Oscar Pistorius walks without prosthetic legs during sentencing as defence lawyer appeals for leniency

'Not a day goes by without thinking about her,' Ms Steenkamp's cousin told a court

Lizzie Dearden
Wednesday 15 June 2016 08:48
Oscar Pistorius removes prosthetic legs

Oscar Pistorius has walked around a courtroom without his prosthetic legs as his lawyer appealed for a lenient sentence for the killing of Reeva Steenkamp.

Judge Thokozile Masipa has the power to reduce South Africa’s minimum 15-year prison term for murder after listening to evidence from the prosecution and defence.

As he continued appeals for mitigation, Pistorius’ lawyer called the former Paralympian to the stand and asked him to walk without his prosthetic legs.

Barry Roux said he wanted to give the court “an idea” of his defendant’s experience on the night he shot his girlfriend dead, adding: “He’s very embarrassed but he understands it’s important.”

The lawyer said his client suffers from an anxiety disorder, adding: “His balance was severely compromised and without (a weapon), he would not be able to defend himself…this must all be seen in the context of his disability."

Reeva Steenkamp was murdered by her boyfriend Oscar Pistorius  

Pistorius appeared to be crying in silence as he remained standing while his lawyer described the killing.

Mr Roux went on to claim Ms Steenkamp’s death had “nothing to do with gender violence” and said the public nature of the trial had ruined the disgraced athlete’s life.

Speaking during Pistorius’ sentencing hearing at the North Gauteng High Court, Barry Roux claimed the live broadcast of hearing had driven a “media frenzy”.

“This trial by public opinion will continue to haunt the accused long after the conclusion of the criminal process,” he said, saying his client had been the victim of a “character assassination”.

Mr Roux argued Pistorius had no intent to kill his girlfriend Reeva Steenkamp and believed she was an intruder when he shot her through a door on Valentine’s Day 2013.

“Despite the fact that the finding remains that the accused did not want to kill the deceased…the accused’s case is still portrayed in the public domain as an example of gender-based violence,” the defence lawyer said.

Brother of Pistorius speaks

“That hurts him because he was a person opposed to gender violence…this man in his mind has no gender violence…it’s not the consequence, it’s the intent.

“This case has nothing to do with gender violence but the penny doesn’t drop, because some people don’t want the penny to drop.”

Pistorius sat with his head in his hands as the hearing continued on Wednesday, watched by members of Ms Steenkamp’s family.

Mr Roux said the defendant had faced public abuse and harassment after becoming the “face of gender violence” in South Africa.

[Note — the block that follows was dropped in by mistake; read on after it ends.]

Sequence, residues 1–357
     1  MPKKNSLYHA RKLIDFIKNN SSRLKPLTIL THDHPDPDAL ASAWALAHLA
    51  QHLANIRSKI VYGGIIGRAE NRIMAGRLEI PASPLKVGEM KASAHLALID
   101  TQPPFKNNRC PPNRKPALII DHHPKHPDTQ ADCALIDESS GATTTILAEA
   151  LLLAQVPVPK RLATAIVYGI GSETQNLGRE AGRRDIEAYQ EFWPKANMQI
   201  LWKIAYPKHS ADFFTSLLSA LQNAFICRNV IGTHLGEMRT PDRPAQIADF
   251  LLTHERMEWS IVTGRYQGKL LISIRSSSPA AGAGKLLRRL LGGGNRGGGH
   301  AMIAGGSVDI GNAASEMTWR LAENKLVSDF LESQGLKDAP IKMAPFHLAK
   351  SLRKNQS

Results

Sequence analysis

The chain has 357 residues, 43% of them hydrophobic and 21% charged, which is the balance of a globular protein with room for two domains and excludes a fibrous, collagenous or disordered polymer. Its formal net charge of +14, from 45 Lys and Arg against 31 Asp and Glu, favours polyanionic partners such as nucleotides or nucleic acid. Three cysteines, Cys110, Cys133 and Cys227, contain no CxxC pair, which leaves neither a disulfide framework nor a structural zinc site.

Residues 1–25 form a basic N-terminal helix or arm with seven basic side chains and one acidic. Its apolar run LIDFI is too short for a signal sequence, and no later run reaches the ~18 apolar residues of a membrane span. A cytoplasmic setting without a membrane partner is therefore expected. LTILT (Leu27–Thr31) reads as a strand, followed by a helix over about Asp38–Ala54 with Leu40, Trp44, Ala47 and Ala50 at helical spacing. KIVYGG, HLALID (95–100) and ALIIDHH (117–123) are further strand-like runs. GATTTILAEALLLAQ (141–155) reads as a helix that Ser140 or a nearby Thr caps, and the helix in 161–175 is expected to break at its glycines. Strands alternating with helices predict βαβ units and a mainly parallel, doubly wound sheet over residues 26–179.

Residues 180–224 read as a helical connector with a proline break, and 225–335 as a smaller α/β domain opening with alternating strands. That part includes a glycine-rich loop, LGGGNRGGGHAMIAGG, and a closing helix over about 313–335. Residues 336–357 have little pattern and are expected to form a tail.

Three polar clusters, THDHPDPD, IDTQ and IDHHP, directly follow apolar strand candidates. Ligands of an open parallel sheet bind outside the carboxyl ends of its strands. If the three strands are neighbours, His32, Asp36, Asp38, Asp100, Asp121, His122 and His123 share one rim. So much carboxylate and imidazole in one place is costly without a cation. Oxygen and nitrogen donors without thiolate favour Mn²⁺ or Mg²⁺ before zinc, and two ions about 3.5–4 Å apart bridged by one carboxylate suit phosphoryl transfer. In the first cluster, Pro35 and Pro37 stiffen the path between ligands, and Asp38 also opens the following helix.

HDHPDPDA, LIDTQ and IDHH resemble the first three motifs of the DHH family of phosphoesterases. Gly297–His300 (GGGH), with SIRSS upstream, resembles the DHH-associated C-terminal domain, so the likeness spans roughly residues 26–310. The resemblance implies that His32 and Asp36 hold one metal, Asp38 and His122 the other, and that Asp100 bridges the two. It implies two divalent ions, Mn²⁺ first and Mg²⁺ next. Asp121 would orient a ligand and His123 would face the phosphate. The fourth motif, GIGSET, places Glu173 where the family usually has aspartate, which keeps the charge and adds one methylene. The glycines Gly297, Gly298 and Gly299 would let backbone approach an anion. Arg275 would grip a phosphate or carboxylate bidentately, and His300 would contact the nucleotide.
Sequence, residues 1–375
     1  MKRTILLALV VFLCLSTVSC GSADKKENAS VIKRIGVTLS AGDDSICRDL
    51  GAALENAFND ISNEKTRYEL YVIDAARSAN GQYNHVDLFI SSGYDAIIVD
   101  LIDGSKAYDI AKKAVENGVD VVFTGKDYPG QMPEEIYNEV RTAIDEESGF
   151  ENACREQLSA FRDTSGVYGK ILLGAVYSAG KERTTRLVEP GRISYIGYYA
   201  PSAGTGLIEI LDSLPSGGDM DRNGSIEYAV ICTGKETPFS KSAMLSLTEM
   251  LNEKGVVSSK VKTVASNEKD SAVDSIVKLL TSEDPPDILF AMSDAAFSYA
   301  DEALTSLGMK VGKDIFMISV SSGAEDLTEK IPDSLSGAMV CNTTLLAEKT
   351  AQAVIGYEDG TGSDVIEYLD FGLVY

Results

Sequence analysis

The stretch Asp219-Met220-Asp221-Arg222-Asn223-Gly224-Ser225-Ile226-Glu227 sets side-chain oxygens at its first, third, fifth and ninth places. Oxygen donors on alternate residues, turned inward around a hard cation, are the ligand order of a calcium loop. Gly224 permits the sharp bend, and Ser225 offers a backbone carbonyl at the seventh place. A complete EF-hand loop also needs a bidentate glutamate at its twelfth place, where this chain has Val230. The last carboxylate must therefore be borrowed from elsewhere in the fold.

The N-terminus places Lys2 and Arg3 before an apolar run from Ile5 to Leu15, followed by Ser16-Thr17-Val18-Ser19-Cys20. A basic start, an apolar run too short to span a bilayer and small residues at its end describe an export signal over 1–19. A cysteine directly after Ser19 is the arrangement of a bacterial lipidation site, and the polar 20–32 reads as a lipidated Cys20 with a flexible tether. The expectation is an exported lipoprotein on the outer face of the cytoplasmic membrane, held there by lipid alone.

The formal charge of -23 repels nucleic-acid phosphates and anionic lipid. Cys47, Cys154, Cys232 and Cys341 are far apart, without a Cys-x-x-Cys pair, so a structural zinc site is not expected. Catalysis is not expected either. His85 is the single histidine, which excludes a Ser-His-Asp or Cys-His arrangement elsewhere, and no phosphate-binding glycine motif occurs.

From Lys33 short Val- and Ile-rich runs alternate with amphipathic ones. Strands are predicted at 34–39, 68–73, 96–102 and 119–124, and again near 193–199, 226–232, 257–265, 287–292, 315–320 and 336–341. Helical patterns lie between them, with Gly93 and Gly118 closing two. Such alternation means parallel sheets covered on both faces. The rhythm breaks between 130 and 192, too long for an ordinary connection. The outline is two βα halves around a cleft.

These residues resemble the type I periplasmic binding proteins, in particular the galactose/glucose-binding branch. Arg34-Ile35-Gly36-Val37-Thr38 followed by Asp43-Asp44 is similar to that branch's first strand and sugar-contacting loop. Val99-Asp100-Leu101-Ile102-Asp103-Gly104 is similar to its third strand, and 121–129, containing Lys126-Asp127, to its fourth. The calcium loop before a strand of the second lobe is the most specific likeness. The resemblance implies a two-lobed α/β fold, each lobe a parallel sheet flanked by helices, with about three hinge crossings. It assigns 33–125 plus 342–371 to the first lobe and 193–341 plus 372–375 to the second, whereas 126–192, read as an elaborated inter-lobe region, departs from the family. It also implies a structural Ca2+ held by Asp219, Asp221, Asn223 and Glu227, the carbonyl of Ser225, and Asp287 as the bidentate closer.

“As a result of this sustained campaign of misinformation, the accused’s reputation will never recover,” he added.

Ms Steenkamp’s cousin has described her father as a “broken man” as she described the harrowing impact of her death on the family earlier in the hearing.

Kim Martin was the last state witness to give evidence on the third day of his sentencing for murdering is girlfriend.

“Not a day goes by without thinking about her,” she said. “As a family we will never be able to carry on like normal.

Barry Steenkamp giving evidence in Pretoria yesterday

“I’m coping, yes, because you’ve got to get on with your life but the scars, the effect runs very deep.

“I’m the mother of three children, so I have to cope…I have to be strong for them.”

Ms Martin told the court in South Africa that birthdays, Christmas and other celebrations had become a “funeral” since Ms Steenkamp’s death.

“Valentine’s Day is the worst day for us,” she added. “I saw my father cry for the very first time when Reeva died...Barry (Ms Steenkamp’s) father is a broken man."

Giving evidence yesterday, he said his daughter’s murder had “devastated” his family.

In a voice shaking with emotion, Barry Steenkamp revealed he has tried to imagine the horrific moment of his daughter's death, and said: “Oscar has to pay for what he did.”

Charlotte Mashaban, a prison nurse, told the court Pistorius could be violent, having “tantrums” and becoming angry during her time treating him.

His lawyer, Mr Roux, contested the claim and accused her of embellishing her account of the incidents.

Pistorius, a former Paralympic champion, has been convicted of murdering his girlfriend at his home on Valentine’s Day in 2013 in a case that transfixed the world.

The double-amputee, who also competed at the 2012 London Olympics, is currently under house arrest after initially serving one year of a five-year prison sentence for manslaughter for shooting Ms Steenkamp at his Pretoria home.

That conviction was overturned last year by an appeals court, which convicted Pistorius of the more serious charge of murder.

Judge Thokozile Masipa, who initially acquitted Pistorius of murder, will decide the new sentence in a hearing scheduled to run until Friday.

Pistorius shot Ms Steenkamp, a model and reality television star, several times through a toilet door.

He claimed in his trial that he thought his house had been broken into, and that he opened fire in the belief that an intruder was hiding in the small room.

Ms Martin told the court the family wanted to know “the truth” and for Pistorius to apologised for the killing.

South Africa has a minimum sentence of 15 years in prison for murder, although it can be reduced by a judge.